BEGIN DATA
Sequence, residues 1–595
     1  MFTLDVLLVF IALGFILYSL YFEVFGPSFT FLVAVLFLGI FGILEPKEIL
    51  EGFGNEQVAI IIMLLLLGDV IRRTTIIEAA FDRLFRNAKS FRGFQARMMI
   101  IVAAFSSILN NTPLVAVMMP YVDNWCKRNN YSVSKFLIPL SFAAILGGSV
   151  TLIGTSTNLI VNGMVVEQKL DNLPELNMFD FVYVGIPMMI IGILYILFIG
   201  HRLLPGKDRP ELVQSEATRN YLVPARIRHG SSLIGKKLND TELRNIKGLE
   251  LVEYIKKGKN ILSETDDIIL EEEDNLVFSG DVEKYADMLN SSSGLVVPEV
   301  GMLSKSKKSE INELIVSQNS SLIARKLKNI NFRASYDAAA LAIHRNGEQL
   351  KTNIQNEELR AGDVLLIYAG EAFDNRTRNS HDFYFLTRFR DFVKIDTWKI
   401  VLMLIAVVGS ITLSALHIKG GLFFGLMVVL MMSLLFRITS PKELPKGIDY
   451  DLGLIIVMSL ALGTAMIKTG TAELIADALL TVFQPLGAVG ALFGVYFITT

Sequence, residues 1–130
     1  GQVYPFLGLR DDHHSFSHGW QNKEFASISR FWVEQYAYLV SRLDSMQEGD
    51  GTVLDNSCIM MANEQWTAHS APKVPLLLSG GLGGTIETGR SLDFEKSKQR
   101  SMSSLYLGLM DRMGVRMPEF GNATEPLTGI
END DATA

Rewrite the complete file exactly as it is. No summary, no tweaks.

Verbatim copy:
Sequence, residues 1–595
     1  MFTLDVLLVF IALGFILYSL YFEVFGPSFT FLVAVLFLGI FGILEPKEIL
    51  EGFGNEQVAI IIMLLLLGDV IRRTTIIEAA FDRLFRNAKS FRGFQARMMI
   101  IVAAFSSILN NTPLVAVMMP YVDNWCKRNN YSVSKFLIPL SFAAILGGSV
   151  TLIGTSTNLI VNGMVVEQKL DNLPELNMFD FVYVGIPMMI IGILYILFIG
   201  HRLLPGKDRP ELVQSEATRN YLVPARIRHG SSLIGKKLND TELRNIKGLE
   251  LVEYIKKGKN ILSETDDIIL EEEDNLVFSG DVEKYADMLN SSSGLVVPEV
   301  GMLSKSKKSE INELIVSQNS SLIARKLKNI NFRASYDAAA LAIHRNGEQL
   351  KTNIQNEELR AGDVLLIYAG EAFDNRTRNS HDFYFLTRFR DFVKIDTWKI
   401  VLMLIAVVGS ITLSALHIKG GLFFGLMVVL MMSLLFRITS PKELPKGIDY
   451  DLGLIIVMSL ALGTAMIKTG TAELIADALL TVFQPLGAVG ALFGVYFITT

Sequence, residues 1–130
     1  GQVYPFLGLR DDHHSFSHGW QNKEFASISR FWVEQYAYLV SRLDSMQEGD
    51  GTVLDNSCIM MANEQWTAHS APKVPLLLSG GLGGTIETGR SLDFEKSKQR
   101  SMSSLYLGLM DRMGVRMPEF GNATEPLTGI